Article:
At the time, he was a postgraduate student at Leeds University. He described his surprise at being invited as a regional guest of honour to represent Africa. PEN, of course, during this period, was increasingly looking to represent the newly independent African nations. The author of two novels already, the young Thiong’o described feeling a little out of place and  trying ‘a few poses to make me feel like a writer and to project myself as one.’

His ears pricked up when he heard Ignazio Silone (President of PEN International 1946-7)  complaining about the lack of translations of Italian writers into English and rudely asserting that ‘Italian is not like one of these Bantu languages with one or two words in their vocabulary.’ Thiong’o was rightly outraged and stood to correct this slur on African language. He remembers that the Chair Arthur Miller ‘was diplomatic: he said people could praise their own languages, but they did not have to bad-mouth others’ in the process.’

The incident illustrated, for Thiong’o, the tensions between what he called the ‘Decade of Africa’ in which nations gained independence and African writers began to get global recognition for their work, and the racism and imperialism that remained at the heart of many of the historically Eurocentric international organisations. 

Thiong’o himself described this informing, for him, a reassessment of the role of English literature in Africa, particularly in African Universities: ‘We were really questioning the organisation of literary knowledge in Africa. Without giving it a name, we had launched the battle for decolonial theories.’ His critical and creative work began to take a different path from this point on, revolutionising African literature but also English Literature and the teaching of literature (and even history) in universities, alongside other postcolonial scholars. This growing African consciousness led to the founding of Pan-African writers’ organisations which operated independently to address the growing concerns of the continent’s own literary community.

After moving back to Africa in 1977, Thiong’o continued his revolutionary progress by embarking on a novel form of theatrical performance in his landmark play Ngaahika Ndeenda which sought to address hierarchies in the theatre and beyond. The play, co-written with Ngugi wa Mirii, was shut down by the authoritarian Kenyan regime six weeks after its opening. Thiong’o was imprisoned for over a year. In prison, he wrote Devil on the Cross on prison-issued toilet paper, much like fellow PEN revolutionary and #100PENMembers Nawal Al Saadawi. He also decided to cease writing in English and to begin composing all of his creative works in Gikuyu, his native tongue.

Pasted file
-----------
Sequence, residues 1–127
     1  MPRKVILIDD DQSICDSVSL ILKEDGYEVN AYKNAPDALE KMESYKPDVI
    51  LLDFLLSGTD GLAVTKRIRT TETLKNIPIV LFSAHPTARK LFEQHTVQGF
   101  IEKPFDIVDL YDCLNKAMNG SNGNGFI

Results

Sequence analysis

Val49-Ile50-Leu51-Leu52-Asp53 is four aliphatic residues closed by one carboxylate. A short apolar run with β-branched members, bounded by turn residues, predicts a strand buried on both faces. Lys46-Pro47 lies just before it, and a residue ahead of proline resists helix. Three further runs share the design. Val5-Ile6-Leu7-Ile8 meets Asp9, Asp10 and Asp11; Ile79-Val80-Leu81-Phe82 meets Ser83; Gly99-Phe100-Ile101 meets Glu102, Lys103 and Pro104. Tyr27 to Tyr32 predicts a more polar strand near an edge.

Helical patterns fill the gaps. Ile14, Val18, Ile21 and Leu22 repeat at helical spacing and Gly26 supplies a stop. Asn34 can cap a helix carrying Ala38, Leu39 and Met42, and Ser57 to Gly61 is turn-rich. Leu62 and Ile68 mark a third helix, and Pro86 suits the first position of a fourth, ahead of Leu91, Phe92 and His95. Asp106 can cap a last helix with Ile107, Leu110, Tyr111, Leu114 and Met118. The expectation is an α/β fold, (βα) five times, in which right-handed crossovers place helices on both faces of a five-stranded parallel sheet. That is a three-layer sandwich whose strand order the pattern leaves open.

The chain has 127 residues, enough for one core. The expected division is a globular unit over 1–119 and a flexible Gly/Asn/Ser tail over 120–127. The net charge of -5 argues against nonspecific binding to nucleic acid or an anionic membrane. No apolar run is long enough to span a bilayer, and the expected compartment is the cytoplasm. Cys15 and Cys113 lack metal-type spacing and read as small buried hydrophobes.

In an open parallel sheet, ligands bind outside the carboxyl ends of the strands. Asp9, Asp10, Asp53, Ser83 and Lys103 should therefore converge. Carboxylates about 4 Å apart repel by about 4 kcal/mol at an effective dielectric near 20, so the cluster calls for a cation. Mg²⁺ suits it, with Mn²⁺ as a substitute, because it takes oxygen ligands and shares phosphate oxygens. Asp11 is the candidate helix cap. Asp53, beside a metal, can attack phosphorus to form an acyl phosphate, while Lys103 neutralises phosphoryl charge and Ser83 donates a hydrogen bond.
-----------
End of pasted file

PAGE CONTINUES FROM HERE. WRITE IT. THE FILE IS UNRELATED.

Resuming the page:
During this time, he was the subject of campaigns by both PEN and by Amnesty International. Upon his release he fled to the United States.

His work on promoting minority or marginalised languages has been integral to his time with PEN. In 2017 he wrote an introduction to ‘Culture’s Oxygen’ report, published on International Mother Language Day stating that: ‘I believe in the Universal Declaration of Linguistic Rights, Barcelona, 1996 which recognises that the right to a mother tongue or the language of one’s culture is not a privilege to be granted or withdrawn at will, it’s a human right.’

Ngũgĩ wa Thiong’o only returned to Kenya, with his family, in 2002 after the retirement of autocratic Vice President Daniel Arap Moi.

As well as serving on the board of PEN International, he has also acted as Erich Maria Remarque Professor of Languages at New York University and Distinguished Professor of English and Comparative Literature at the University of California, Irvine.